Sunday, 25 May 2014

Aural assault and visual distortion

As we rounded the corner we spotted a small crowd gathered and we went to see what the attraction was. Just as we drew near, we were hit by a sonic wall as the top fuel dragster was kicked into life, causing everyone to clap their hands to their ears with enormous grins spreading around the faces of the assembled petrol heads. A moment later came the glorious smell of burnt nitromethane - the smell of power. Unfortunately the good feeling didn't last, as it suddenly became apparent that nitrometh fumes are a tad unfriendly towards the eyes. Along with everyone else,  I ran away blindly in the hope that as long as I was heading away from the noise, I would also be heading for cleaner air and the chance to rescue my eyes before any lasting damage was done. And how did I feel about the experience once I was able to see again? Awesome!! These machines truly are a wonder to behold. To the uninitiated they would seem a colossal waste of time and money for the sake of going very fast in a straight line. Now nobody can deny that dragsters aren't much good at corners which is probably a good reason you don't see them racing at Mugello, but what they do they do very well indeed. If you were to watch them on the telly you'd be likely to get rather bored quite quickly, but on TV you're kind of missing out on the experience - perhaps more so than any other motor sport.
Even with ear protection in place these 10,000 horsepower monsters have the ability to rearrange your senses. When the throttle is planted the ground shakes, your chest feels like it's going to cave in, you can't breathe, and your vision becomes distorted. Then a moment later the physical assault fades as the outrageous machinery hurls itself towards the horizon, passing the timing lights a quarter of a mile away at over 300mph, less than four seconds later. These things are so fast, they're already doing over 100mph as they pass the 'christmas tree' at the start line. Seriously, if you've never been to a top fuel event - even if you're not much into motorsport - you really wouldn't regret having the experience.
Sadly, this isn't something you're likely to be able to have a go at yourself unless you're in a seriously privileged position. Drag racing in this form is definitely a hobby for the rich boys. While it might be easy to throw any old car or bike up the drag strip on one of the numerous 'Run What Ya Brung' days, to really take it to the top level you need major financial backing. The nearest I'm ever likely to get to taking part in motorsport would be to try lawnmower racing, which is basically an excuse to spend the weekend having a laugh and getting pissed. Otherwise, my place is firmly on the other side of the tyre wall watching the show, and I'm fine with that.
I suspect that my thrill-seeking days are behind me now. The end of my motorcycling after the wrecked knee situation has seen the end of all that, although it has been on the horizon for some time now. I've always loved rollercoasters - the faster and more insane the better - but the last time I went to Alton Towers which was just a couple of years ago I found it all a bit hard to deal with. By the time that day was over I'd decided that I no longer needed to do it any more.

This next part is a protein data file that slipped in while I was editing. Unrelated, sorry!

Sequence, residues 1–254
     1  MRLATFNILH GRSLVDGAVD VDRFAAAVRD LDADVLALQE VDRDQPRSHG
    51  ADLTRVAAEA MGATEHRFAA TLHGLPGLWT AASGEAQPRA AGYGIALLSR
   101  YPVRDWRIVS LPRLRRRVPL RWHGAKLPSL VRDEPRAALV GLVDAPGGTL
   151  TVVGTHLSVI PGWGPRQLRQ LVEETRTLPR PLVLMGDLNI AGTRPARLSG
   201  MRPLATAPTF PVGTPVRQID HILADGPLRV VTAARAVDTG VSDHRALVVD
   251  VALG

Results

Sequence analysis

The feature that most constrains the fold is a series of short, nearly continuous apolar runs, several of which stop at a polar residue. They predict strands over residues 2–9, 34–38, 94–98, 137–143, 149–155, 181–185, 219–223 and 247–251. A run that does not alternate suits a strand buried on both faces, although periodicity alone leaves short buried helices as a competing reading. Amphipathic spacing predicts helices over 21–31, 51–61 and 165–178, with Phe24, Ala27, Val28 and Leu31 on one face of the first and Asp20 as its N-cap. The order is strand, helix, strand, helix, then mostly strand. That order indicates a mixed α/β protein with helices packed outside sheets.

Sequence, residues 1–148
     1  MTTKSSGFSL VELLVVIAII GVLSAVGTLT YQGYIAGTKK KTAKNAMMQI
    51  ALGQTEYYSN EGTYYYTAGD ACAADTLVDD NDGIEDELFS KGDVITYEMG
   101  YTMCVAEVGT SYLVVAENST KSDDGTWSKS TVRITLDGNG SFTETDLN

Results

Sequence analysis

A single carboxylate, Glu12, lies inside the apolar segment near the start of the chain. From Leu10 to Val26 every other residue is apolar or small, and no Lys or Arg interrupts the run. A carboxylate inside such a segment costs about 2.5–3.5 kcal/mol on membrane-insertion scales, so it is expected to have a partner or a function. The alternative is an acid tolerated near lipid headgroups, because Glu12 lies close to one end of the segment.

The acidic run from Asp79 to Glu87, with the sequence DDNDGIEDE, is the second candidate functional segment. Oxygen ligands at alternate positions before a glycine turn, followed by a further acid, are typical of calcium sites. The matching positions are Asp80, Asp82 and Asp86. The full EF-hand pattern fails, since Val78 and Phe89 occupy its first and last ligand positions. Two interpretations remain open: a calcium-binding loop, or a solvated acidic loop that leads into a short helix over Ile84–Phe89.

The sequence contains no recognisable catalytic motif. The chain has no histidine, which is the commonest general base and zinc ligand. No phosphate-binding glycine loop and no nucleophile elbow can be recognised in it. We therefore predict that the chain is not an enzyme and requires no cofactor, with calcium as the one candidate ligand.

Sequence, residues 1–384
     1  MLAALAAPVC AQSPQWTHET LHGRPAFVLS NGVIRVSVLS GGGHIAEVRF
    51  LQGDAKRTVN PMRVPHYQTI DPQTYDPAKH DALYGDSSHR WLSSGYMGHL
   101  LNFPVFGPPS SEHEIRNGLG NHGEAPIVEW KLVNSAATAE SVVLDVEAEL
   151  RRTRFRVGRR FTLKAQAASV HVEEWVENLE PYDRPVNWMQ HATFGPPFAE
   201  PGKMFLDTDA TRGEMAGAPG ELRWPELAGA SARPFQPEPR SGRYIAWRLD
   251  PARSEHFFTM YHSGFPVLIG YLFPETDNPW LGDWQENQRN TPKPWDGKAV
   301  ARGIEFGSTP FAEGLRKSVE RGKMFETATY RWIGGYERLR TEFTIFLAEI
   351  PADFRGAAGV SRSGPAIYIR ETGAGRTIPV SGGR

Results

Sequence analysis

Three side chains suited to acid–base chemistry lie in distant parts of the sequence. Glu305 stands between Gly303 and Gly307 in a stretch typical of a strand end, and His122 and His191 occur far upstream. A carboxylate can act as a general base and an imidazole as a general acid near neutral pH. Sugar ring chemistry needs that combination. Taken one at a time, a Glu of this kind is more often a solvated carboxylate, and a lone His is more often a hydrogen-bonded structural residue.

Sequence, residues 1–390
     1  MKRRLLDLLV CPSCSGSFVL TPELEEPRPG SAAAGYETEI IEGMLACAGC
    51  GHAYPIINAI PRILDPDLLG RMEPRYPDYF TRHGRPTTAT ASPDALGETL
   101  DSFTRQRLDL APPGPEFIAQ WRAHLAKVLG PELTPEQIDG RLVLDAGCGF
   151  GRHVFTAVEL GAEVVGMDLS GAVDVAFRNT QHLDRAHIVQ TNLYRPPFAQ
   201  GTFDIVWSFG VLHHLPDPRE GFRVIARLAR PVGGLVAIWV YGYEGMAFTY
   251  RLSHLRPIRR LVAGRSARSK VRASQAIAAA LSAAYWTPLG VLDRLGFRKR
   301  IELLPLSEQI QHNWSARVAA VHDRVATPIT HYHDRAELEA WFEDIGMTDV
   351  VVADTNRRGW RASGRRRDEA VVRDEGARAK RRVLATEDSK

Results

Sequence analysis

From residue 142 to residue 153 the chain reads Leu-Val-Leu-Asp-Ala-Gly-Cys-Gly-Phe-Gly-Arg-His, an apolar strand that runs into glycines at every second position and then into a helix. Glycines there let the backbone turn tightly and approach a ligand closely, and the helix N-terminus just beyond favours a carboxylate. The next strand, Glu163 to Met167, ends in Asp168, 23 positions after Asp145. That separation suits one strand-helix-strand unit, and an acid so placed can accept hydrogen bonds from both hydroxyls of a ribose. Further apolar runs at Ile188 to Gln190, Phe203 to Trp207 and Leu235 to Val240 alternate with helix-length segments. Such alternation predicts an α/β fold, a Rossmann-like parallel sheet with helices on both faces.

Even with bikes I was getting to the point where I wasn't feeling quite as comfortable or confident when I was wringing the 1200 Bandit's neck around the country roads and was considering changing it for something a bit more leisurely. In the end, fate had a more radical idea in mind for me so it was more a case of a sudden end to my two wheeled adventures, rather than tailing off into the murky pipe-and-slippers area of motorcycling, populated with leaky classic British bikes and a few more for spares.
So now I sit, a husk of my former self with only a tedious Mitsubishi Colt fitted with the world's worst automatic gearbox, and little chance on the horizon of making it all any more exciting.
However, having the odd day out experiencing things like I did today at Santa Pod, somehow makes it all seem okay.

Sunday, 18 May 2014

More fantasy Vs reality

OK, it's confession time again and this time I'm afraid I have to admit to having been on the edge of my seat during the semi-finals and finals of Masterchef. I was particularly pleased that the competition was won by Ping because I felt she thoroughly deserved it due to her consistent ability to turn out amazing food and remaining cool, organised, and generally unflappable regardless of the pressure she was under. I have no doubt that all the finalists will quite rightly go on to fabulous careers on the strength of their performance on the show, and good luck to them all.
The Masterchef programme has a habit of encouraging people to reconsider their cooking abilities and try to do something different. And that's where the trouble usually starts.
I generally consider myself to be pretty reasonable in the kitchen. From an early age mum had me learning stuff in the kitchen and I was always keen to try and do things myself. I seem to recall starting off making jam buns, and once I got my head around following recipes there was no stopping me.
Time moves on and after a while you sink into a bit of a rut with the meals you make; always doing the same old dishes week after week because at least you know everyone likes them and there's no waste. But every so often you step back and take stock of the situation, realising just how dull it has all become and go on a mission to reinvent the weekly menu. So you drag out the cookery books and fire up the BBC Food website and trawl through in desperate search for inspiration.
Initially it's all a bit overwhelming, but once you settle down you end up with a great long selection of new recipes that look and sound wonderful. Next comes the task of paring this list down by discarding the ones that use a rare and very expensive ingredient that you know damn well will never get used for anything else and get lost at the back of the cupboard until you throw it out because it's two years past its sell-by date, and the same goes for anything that looks like it'll just take too much effort to do.
By the time you've done this and thrown out the recipes that contain ingredients that someone doesn't like or has an adverse reaction to, your initial collection of thirty or forty potential culinary adventures has been whittled down to about four. Then it's off to the dreaded supermarket for the weekly grocery run where you discover the bill has inexplicably risen by ten percent. Actually, you can explain it, because your chosen experimental recipe involved fresh langoustines and you just knew that a rather good Chablis would go with the dish very nicely indeed thank you very much.